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Revell 1/48 scale F-15E Strike Eagle

Manufacturer: Revell, 8601 Waukegan Rd., Morton Grove, IL 60053-2295, 847-966-3500.
Kit: No. 5511
Scale: 1/48
Price: $18.50
Comments: Injection molded, 192 parts, decals.
Pros: Excellent detail and fit, long-awaited subject, correct bomb pylons.
Cons: No bombs or crew figures, decals slightly out of register, ejector pin marks mar some parts.
Previous 1/48 scale F-15E Strike Eagle kits may have impressed us, but all gave inaccurate representations of the bomb pylons. At long last, Revell brings us a 1/48 scale, mud-movin' screamin' demon, complete with accurate bomb racks.

Though packed in a flimsy hinged box, Revell's release is well tooled, with beautiful engraved lines and a clamshell fuselage construction. The instructions are clearly illustrated, and they give you the names of the parts: build and learn!

Markings for two fighter wings are included. The decals are a little thick, and the register is off a little (oddly, only on one side's markings, at least in my sample).

There is a conspicuous lack of ordnance (only four Sidewinders are included) and no pilot figures, though the empty spaces on the sprues promise future versions. Weighted tires and marvelously detailed afterburner cans are highlights of this kit.

The cockpit went together quickly, and detail fans won't be disappointed. The rear Weapons Systems Officer's CRT screens seem to be too high above the instruments, though. The ejection seats are well molded, but there are no lap belts. A nice touch is the inclusion of ACES logo decals.

Assembly is straightforward, with no major fit problems. The aft nose gear door molded with rear bay bulkhead looked like it would get in the way, so I carefully separated it for later installation. The forward nose gear bay door is usually closed on parked "Mudhens."

Take care gluing the front top end of the main fuselage assembly; you'll be endangering the beautiful grille. The clamshell fuselage halves enclose the intakes. To this you add the wingtips and forward section of the fuselage (you don't need to weight the nose).

Be careful installing the wingtips, as you'll lose precious detail on the upper surfaces if you have to sand. The instructions recommend that the forward fuselage go on last, and it's a good tip. Make sure the rest of the model has set before you attempt it. Line up the upper and lower surfaces slowly, and it's a perfect mate.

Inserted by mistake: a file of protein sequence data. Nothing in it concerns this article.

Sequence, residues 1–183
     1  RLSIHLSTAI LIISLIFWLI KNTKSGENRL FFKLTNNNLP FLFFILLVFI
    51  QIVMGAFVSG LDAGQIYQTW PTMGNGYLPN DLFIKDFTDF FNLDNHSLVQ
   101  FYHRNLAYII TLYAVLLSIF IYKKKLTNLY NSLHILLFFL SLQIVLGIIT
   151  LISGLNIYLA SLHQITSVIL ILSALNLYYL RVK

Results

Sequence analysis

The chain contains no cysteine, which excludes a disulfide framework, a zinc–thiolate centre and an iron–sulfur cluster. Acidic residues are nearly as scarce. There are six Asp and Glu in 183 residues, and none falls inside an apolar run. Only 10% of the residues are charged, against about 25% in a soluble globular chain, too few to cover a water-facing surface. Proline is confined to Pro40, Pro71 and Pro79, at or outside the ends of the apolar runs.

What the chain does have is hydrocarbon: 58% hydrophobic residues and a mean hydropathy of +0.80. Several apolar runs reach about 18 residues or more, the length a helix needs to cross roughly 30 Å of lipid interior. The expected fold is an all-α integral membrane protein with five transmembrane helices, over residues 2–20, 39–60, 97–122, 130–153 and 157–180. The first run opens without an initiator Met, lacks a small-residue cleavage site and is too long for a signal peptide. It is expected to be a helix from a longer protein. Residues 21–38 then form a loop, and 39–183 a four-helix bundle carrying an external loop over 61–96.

The intake assembly, step 3 in the instructions, should be followed to the letter. No sanding or filling was required, except for some nasty ejector-pin marks on the inner surfaces. The conformal fuel tanks fit well, too. Testor liquid cement did the trick for me, allowing me to readjust the fit a little in the process.

The bare-metal finish around the engines would call for some serious masking if the vertical stabilizers were in place, so I glued the stabilizers on with just a drop of white glue so I could remove them after the base coat of Model Master Gunship Gray enamel (FS 36118) was applied to the entire model. I thinned the paint with almost fifty percent flat white, because I knew that the four subsequent layers of Future floor polish and semi-gloss black wash would darken it again. The nose of the Strike Eagle, which is of a different material than the rest of the airframe, weathers at a different pace - I masked it off and sprayed it straight Gunship Gray with no white added.

The decals went on without any hitches, and only the tiger-striped squadron markings on the fin tips needed some decal solvent to settle down. The nose "slime light" decals were longer than the engraved detail.

The afterburner cans are especially nice. The slim nozzle-actuator arms are molded in styrene, and must be carefully removed from the sprue. There's only one extra arm provided, so don't launch any in the building process - you'll be digging through the carpet for hours. The cans' insides had a few ejector pin marks, and for the life of me I couldn't figure a good way to fill them without ruining the rest of the detail, so I left them there. Their assembly was painless, and a light dry-brushing of steel brought out the surface details nicely. The interior received a light spray of flat white over flat black to simulate the burned ceramic surface.

There was a seam in the canopy, though nothing a three-way buffing stick and a dip in Future couldn't cure. The canopy's fit to its frame was so tight that it stuck without glue, though when I tried to put it into the closed position it wouldn't fit the cockpit correctly. I might have to reshape the protruding hinge area.

This is an easy-to-build kit that looks great when fully assembled - mine took about 35 hours, though I'm positive that more experienced builders will eat it up in much less time than that. Now…time to find some laser-guided bombs for my Mudhen.

- Chris Appoldt


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